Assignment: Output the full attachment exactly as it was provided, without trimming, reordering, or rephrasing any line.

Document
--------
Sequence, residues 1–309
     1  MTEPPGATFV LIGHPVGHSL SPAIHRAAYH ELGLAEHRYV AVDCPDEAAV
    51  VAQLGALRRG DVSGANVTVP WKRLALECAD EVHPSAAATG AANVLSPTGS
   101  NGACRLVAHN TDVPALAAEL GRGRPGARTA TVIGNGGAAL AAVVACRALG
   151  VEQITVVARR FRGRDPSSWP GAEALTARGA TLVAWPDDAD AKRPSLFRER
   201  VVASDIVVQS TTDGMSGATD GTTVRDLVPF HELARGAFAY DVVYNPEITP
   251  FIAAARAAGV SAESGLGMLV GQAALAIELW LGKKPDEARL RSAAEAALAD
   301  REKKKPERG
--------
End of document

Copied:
Sequence, residues 1–309
     1  MTEPPGATFV LIGHPVGHSL SPAIHRAAYH ELGLAEHRYV AVDCPDEAAV
    51  VAQLGALRRG DVSGANVTVP WKRLALECAD EVHPSAAATG AANVLSPTGS
   101  NGACRLVAHN TDVPALAAEL GRGRPGARTA TVIGNGGAAL AAVVACRALG
   151  VEQITVVARR FRGRDPSSWP GAEALTARGA TLVAWPDDAD AKRPSLFRER
   201  VVASDIVVQS TTDGMSGATD GTTVRDLVPF HELARGAFAY DVVYNPEITP
   251  FIAAARAAGV SAESGLGMLV GQAALAIELW LGKKPDEARL RSAAEAALAD
   301  REKKKPERG